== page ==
Panama: Permanent residence permit, including requirements and procedures for renewal; whether a person can lose permanent residence status, including requirements and procedures to re-obtain the status; rights of permanent residents (2017-September 2019) [PAN106335.E]

Research Directorate, Immigration and Refugee Board of Canada

1. Types of Permanent Residence Permits

The website of the National Immigration Service (Servicio Nacional de Migración, SNM) lists the following types of permanent residence permits:

[translation]

For Economic Reasons:

  1. Investor in macro-businesses.
  2. Economic solvency for opening of a fixed installment deposit.
  3. Economic solvency for investment in real estate.
  4. Economic solvency through mixed investments (fixed installment deposit and real estate).

Special Policies:

  1. Private income retiree (rentista retirado).
  2. Retired pensioner.
  3. Forestry investor.
  4. Investor in the Panama Pacifico [special] economic area.
  5. Permit for Panama Pacifico area workers, within ten percent (10%) ordinary workers of a company, developer or operator.
  6. Investor in export processing zones.
  7. Investor in a call center for exports.
  8. Foreigner of the Fullbright Educational and Cultural Exchange Program.

Demographic Reasons:

  1. Family reunification as married to [a] national;
  2. Family reunification dependent on [a] permanent resident;
  3. Family reunification as a foreigner with Panamanian children;

By Special Laws:

  1. Treaty of Friendship, Business and Navigation between the Republic of Panama and the Republic of Italy;
  2. National foreigners from specific countries that maintain friendly, professional, economic and investment relations with the Republic of Panama;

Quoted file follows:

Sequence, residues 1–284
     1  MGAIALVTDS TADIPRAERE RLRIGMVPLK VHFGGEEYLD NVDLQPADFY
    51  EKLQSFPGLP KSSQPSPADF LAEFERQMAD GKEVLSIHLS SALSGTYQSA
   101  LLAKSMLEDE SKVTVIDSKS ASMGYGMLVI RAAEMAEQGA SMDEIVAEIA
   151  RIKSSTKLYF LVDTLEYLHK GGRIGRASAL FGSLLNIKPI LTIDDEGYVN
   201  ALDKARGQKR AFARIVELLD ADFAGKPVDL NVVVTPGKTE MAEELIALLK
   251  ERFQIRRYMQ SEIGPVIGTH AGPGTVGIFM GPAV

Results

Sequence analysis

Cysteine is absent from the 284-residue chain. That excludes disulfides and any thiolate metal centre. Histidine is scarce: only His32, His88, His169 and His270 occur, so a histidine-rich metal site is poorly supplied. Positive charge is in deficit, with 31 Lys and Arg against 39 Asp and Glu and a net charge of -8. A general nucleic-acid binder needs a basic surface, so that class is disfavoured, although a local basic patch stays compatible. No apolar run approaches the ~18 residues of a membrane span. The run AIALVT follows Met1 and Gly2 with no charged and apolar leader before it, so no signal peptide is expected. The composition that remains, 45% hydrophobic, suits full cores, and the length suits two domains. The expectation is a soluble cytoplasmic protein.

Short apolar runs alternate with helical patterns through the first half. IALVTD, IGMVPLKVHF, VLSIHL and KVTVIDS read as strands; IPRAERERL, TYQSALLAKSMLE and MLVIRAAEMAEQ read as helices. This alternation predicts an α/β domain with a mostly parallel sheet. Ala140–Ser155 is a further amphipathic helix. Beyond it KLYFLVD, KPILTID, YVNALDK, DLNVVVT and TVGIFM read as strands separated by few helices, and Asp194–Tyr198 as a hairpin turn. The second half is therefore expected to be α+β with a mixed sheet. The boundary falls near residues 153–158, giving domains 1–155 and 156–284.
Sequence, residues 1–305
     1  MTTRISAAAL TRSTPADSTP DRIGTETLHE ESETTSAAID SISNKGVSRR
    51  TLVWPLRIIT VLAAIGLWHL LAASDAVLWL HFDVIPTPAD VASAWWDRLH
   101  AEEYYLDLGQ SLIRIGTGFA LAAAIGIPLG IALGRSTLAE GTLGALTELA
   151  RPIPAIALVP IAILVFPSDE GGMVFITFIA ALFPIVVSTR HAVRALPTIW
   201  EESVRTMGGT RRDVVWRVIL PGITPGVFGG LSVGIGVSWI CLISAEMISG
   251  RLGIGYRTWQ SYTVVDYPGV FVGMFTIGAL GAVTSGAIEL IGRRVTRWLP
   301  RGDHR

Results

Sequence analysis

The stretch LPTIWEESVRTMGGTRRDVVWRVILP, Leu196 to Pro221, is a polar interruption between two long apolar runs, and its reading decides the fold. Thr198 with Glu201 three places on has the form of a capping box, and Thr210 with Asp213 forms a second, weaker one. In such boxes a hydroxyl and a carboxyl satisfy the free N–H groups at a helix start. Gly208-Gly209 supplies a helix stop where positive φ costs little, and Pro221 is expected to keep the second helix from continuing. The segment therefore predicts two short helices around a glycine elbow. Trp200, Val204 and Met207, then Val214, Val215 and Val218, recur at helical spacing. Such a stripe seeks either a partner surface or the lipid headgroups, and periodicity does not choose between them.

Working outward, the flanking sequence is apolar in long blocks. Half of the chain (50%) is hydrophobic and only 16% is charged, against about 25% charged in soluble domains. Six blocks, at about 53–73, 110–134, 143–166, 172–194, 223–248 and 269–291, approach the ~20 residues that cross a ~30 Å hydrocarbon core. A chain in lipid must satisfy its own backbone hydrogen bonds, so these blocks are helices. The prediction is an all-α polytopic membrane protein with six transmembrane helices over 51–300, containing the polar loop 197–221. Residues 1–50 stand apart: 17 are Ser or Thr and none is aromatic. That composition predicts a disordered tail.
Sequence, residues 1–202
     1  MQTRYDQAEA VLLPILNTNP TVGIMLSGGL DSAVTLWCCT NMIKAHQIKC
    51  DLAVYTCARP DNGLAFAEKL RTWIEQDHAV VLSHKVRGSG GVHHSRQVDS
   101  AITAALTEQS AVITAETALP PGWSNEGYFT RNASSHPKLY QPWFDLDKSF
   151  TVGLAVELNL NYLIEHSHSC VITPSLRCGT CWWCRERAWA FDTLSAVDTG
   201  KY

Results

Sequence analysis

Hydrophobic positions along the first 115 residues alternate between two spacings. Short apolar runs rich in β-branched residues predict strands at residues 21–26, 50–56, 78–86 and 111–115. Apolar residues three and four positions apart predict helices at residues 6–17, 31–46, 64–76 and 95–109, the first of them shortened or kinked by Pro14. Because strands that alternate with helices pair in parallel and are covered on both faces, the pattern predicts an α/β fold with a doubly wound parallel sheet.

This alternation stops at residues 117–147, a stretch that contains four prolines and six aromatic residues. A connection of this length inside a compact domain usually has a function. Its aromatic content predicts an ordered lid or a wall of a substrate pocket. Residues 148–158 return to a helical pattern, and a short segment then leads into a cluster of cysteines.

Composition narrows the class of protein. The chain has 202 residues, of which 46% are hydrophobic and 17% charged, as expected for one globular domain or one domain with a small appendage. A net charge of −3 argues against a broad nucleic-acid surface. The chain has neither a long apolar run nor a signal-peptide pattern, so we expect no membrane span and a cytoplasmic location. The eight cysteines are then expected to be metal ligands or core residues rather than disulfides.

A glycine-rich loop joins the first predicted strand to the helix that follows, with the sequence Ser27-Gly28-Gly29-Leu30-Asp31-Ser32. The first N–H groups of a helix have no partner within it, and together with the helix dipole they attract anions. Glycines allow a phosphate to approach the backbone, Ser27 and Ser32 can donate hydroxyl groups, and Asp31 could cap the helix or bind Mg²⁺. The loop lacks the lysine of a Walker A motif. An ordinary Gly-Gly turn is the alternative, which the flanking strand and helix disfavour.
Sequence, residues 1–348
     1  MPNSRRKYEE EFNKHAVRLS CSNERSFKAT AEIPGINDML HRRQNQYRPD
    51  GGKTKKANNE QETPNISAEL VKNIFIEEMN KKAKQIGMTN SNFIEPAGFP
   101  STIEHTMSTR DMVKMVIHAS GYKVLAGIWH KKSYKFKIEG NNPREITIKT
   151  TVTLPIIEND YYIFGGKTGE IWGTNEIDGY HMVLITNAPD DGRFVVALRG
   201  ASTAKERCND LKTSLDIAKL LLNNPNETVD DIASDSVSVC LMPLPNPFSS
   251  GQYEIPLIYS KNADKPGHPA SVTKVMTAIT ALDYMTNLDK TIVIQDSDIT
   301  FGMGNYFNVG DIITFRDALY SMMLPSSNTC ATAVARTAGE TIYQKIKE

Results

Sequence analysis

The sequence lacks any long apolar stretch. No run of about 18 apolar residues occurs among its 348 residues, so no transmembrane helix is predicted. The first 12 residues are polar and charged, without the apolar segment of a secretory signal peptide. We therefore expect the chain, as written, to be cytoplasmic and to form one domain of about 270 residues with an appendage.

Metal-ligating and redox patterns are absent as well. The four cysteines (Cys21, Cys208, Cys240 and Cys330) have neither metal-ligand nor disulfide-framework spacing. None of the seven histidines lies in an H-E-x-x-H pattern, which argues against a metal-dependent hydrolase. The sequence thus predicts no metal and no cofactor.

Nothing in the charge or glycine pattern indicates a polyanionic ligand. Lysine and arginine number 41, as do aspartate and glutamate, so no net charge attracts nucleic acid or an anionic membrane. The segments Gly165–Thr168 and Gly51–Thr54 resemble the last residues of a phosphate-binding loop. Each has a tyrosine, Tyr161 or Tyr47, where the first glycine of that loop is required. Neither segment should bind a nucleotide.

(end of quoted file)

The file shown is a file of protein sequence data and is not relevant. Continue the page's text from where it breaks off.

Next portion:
3. As a professional foreigner;
  4. As a diplomat and as members of international organizations of countries that maintain friendly diplomatic relations with the Republic of Panama, who have stopped providing their services in their respective positions. (Panama n.d.a)

The government procedures portal managed by the National Authority for Governmental Innovation (Autoridad Nacional para la Innovación Gubernamental) provides two further application categories:

  • [translation] "Permanent Residence Permit Application as a Refugee" (Panama n.d.b);
  • [translation] "Permanent Resident Permit Application as a permanent employee hired by the Panama Canal Authority" (Panama n.d.c).

2. Requirements and Procedures to Obtain Permanent Residence
2.1 Overview

Decree Law No. 3 (Decreto Ley nº 3) of 22 February 2008 provides the following:

[translation]

Article 28. Applications for a temporary or permanent residence permit presented to the National Immigration Service must be submitted through a legal representative, in accordance with the requirements established for each category of visa or permit, with the exception of the category that is requested from outside the country and the category applying to [residence for purposes of] education, and must meet the following common requirements:

  1. Copy of passport duly certified by a Panamanian notary, or accompanied by certification by the diplomatic mission accredited in the country or the appropriate authority in the place of issuance. When deemed necessary for security reasons, the National Immigration Service may require that the applicant certify the authenticity of the passport.
  2. Criminal record check certificate from the country of origin or residence. For countries in which such documents are not issued, applicants must provide certification from a diplomatic or consular official from their country of origin accredited in the Republic of Panama, indicating the nonexistence of such a certificate and an affidavit sworn before a notary public to the effect that they have no criminal record.
  3. Health certificate issued by an appropriate professional within the three months preceding submission of the application.
  4. Payment of two hundred and fifty Balboas [C$333] to the National Treasury as fees for applying for an immigration category, and eight hundred Balboas [C$1065] to the National Immigration Service as a repatriation deposit.
  5. Sworn affidavit of personal information.